# Relationship between gravity and density

So I have recently found that flat earthers believe gravity is not real and everything goes down because of densities, obviously, if this were true things would float up as our air is not very dense, but ill move on. These are a few questions I have that I cant find online because everywhere I look is talking about specific gravity which say wether or not somehting floats is completely based on density.

Is the reason an anvil floats on mercury purely due to it being so much less dense?

How does gravity affect this and what role does it play?

If we use the flat earths idea that it is only about dnesity then would the entire anvil sit ontop?

Why is a large portion of the anvil underwater?

Even if something is only, say, 0.01% less dense would it float?

I know theres a lot of qustions but this seemingly simple topic has me quite cofused. Maybe im overthinking it. If someone could explain the math and physics behind this, maybe even a force diagram of some kind to help me visualize it, to help me understand this I would really appreciate it!

• Aeon, specific gravity for liquids and solids is normally defined as the weight of an object divided by the weight of an equal volume of water. To get the density of the object in question, multiply the object's specific gravity by $1000 kg/m^3$. Mar 10, 2021 at 18:25
• @PM2Ring You are right Mar 10, 2021 at 19:41

An object placed on the surface of a liquid will sink in the liquid until the weight of the volume of liquid that it displaces is equal to the object's own weight (this is Archimedes' principle). If the average density of the object is greater than the density of the liquid then it never displaces its own weight of liquid even when totally submerged and it will sink completely. So:

1. Whether an object sinks or floats in a liquid is completely determined by whether it is more dense or less dense than the liquid.
2. The height at which an object floats is determined by how much less dense it is than the liquid. An object with a low density will not need to displace much liquid. An object with a density that is just less than the density of the liquid will be almost completely submerged before it displaces sufficient liquid.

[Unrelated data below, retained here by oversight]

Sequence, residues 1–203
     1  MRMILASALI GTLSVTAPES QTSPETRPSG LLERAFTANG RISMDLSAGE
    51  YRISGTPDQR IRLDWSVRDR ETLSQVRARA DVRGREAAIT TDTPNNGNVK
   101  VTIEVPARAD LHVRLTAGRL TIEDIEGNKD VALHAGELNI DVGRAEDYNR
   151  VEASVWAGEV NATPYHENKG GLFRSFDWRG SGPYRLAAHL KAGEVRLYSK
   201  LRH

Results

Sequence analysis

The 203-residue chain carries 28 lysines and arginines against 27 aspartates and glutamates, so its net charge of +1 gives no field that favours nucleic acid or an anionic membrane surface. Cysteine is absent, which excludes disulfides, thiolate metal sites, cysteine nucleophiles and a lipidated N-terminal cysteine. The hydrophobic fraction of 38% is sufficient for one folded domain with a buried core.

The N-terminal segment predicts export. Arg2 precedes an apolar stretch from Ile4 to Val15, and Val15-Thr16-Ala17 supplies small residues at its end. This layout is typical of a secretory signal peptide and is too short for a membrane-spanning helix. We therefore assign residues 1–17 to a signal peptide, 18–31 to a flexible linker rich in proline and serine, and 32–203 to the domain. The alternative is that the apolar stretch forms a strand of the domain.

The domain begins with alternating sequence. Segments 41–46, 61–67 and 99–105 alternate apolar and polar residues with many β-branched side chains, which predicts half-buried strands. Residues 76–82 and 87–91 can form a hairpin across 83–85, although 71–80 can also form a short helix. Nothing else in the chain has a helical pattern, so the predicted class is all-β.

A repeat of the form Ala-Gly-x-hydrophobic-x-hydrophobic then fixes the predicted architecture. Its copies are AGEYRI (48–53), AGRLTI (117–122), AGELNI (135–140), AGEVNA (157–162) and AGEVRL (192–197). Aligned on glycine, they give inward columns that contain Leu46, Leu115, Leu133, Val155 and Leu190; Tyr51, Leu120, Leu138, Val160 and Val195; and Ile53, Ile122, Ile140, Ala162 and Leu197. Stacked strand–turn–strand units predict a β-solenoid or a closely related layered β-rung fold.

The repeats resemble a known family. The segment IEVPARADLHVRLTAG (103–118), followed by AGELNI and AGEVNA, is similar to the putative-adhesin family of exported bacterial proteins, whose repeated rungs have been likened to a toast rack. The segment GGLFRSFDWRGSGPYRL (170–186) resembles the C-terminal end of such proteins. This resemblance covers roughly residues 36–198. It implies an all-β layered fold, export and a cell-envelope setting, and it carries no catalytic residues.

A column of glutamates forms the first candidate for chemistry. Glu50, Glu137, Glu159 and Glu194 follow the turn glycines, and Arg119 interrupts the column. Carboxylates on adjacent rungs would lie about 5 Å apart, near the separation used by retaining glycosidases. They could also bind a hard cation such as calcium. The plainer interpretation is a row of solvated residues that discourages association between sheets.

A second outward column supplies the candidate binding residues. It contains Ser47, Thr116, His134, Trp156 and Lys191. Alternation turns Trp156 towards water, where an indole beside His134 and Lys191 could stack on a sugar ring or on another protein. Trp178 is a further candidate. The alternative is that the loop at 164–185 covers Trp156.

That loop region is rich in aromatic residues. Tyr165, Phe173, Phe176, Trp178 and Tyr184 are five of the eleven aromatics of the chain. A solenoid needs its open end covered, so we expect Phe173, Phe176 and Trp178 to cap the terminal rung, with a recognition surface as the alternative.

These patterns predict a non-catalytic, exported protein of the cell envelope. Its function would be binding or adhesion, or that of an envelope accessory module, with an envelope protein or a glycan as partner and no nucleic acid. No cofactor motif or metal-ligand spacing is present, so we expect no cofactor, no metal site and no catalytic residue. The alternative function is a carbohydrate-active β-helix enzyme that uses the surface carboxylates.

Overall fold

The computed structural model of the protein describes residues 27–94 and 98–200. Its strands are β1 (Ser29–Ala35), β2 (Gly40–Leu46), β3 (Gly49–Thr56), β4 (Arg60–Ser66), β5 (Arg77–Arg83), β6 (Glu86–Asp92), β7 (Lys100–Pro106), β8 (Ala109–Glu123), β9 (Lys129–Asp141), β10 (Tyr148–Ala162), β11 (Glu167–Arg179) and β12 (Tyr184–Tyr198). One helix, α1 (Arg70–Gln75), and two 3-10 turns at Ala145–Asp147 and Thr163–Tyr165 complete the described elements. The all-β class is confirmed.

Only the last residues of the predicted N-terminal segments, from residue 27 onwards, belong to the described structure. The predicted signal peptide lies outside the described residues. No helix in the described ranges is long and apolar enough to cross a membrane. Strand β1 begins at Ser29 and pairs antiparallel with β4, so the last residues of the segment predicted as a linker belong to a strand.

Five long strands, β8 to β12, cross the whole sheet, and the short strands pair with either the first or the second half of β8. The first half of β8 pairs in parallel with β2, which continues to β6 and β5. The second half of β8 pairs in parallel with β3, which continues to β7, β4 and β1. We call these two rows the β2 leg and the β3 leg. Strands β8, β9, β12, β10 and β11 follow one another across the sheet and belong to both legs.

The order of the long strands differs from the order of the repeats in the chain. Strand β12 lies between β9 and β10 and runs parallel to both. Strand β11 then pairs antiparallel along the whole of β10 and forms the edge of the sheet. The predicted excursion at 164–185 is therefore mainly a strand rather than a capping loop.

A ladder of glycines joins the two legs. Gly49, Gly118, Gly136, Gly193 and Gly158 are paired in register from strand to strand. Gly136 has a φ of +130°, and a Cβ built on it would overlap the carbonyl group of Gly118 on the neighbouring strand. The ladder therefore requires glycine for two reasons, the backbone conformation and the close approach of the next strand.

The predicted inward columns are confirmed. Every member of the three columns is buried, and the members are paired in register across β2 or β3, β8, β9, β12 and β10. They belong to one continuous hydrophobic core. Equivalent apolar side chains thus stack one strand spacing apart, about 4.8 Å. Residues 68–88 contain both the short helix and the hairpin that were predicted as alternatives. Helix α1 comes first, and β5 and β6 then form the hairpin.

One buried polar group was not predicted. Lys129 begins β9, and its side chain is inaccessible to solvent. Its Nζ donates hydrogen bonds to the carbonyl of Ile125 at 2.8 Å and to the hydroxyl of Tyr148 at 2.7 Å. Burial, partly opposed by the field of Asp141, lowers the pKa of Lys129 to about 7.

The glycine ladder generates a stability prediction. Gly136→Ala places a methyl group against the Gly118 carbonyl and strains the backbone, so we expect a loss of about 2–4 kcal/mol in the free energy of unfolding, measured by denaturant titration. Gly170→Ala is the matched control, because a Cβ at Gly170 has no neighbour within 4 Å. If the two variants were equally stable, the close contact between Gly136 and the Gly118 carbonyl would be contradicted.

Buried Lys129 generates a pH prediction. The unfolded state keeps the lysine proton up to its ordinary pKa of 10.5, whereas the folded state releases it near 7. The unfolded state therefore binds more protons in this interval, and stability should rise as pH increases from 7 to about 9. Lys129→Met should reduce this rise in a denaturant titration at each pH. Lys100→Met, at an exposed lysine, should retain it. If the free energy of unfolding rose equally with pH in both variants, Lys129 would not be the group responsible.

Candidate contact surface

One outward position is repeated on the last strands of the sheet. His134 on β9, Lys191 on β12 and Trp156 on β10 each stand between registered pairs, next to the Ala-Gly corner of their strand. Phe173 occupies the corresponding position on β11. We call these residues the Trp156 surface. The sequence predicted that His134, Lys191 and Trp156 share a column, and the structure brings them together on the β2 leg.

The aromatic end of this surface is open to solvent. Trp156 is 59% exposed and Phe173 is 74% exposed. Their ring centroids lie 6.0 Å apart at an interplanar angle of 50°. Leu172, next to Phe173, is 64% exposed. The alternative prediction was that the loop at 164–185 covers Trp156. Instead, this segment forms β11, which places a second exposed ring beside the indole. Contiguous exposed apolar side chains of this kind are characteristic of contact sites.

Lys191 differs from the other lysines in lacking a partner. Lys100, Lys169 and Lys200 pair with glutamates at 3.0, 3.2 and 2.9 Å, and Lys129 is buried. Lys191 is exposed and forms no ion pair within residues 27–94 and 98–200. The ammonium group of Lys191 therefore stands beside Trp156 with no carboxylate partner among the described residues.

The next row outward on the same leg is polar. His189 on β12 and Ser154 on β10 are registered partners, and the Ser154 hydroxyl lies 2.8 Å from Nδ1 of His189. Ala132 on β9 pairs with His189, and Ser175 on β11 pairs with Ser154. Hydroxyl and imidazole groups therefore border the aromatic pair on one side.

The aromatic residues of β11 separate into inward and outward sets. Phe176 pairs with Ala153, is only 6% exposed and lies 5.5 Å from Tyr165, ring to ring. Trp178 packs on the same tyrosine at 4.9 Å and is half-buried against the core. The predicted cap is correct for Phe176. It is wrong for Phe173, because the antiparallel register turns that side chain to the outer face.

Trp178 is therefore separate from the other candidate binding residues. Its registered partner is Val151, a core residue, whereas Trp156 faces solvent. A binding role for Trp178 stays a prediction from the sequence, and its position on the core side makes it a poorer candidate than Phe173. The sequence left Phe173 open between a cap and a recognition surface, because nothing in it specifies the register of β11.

3. Gravity has proportionally the same effect on the weight of the object and the weight of the displaced liquid. So an object will sink or float (and, if it floats, it will float at exactly the same level) regardless of gravity (as long as there is some non-zero value of gravity).

Things would not float up if "everything goes down because of densities". I think the link you're missing is this: Density is a property of an object, and gravity is a force on an object. Things float or sink because of a force, whose magnitude depends on a property the objects have. Larger density means gravity will affect an object more strongly. In a way, gravity would have no effect on an object if it has no density. And on the other hand, if there were no gravity, objects would not move/sink/float no matter what their densities are, because there would be no force present.

I would like emphasize that there would be no phenomenon of buoyancy (objects positioning themselves based on their density) without gravity. The gravitational force is what drives the "vertical" sorting of non-miscible fluids and objects in fluids.

"How does gravity affect this and what role does it play?"

Wikipedia on Buoyancy teaches us:

"Buoyancy (...), or upthrust, is an upward force exerted by a fluid that opposes the weight of a partially or fully immersed object. In a column of fluid, pressure increases with depth as a result of the weight of the overlying fluid."

From both sentences taken together it cannot easily be infered that gravity as the counterforce of buoyancy thus is it's prerequiste, as the second sentence introduces "pressure" as a result of the "weight" of the water above.

However, understood correctly, Wikipedia tells us that gravity is a prerequisite for buoyancy, and in wording of the question, nothing goes down because of densities.

"Weight" of the "object" (boats) means gravitational force, the mass of the object; direction is down. There is no upthrust without downthrust. If there is no gravity (space capsule) there is no buoyancy, no direction up.

Introducing "pressure" and depth seems to contradict textbooks as buoyancy is defined, as the first answer correctly states, as the

"weight of the volume of liquid that it displaces". Pressure and depth does not relate to this.

Personal remark: Pressure of the water might indeed underlie buoyancy and be its reason. However, as pressure according to Wikipedia is derived from the "weight" of the water that would be another argument, the second one, for gravity being the source of buoyancy and its prerequisite.

Last remark: Do not think of the column being up above "The boat".

Further reading I recommend is Lewis C. Epstein, Thinking physics, that got the situation on its cover.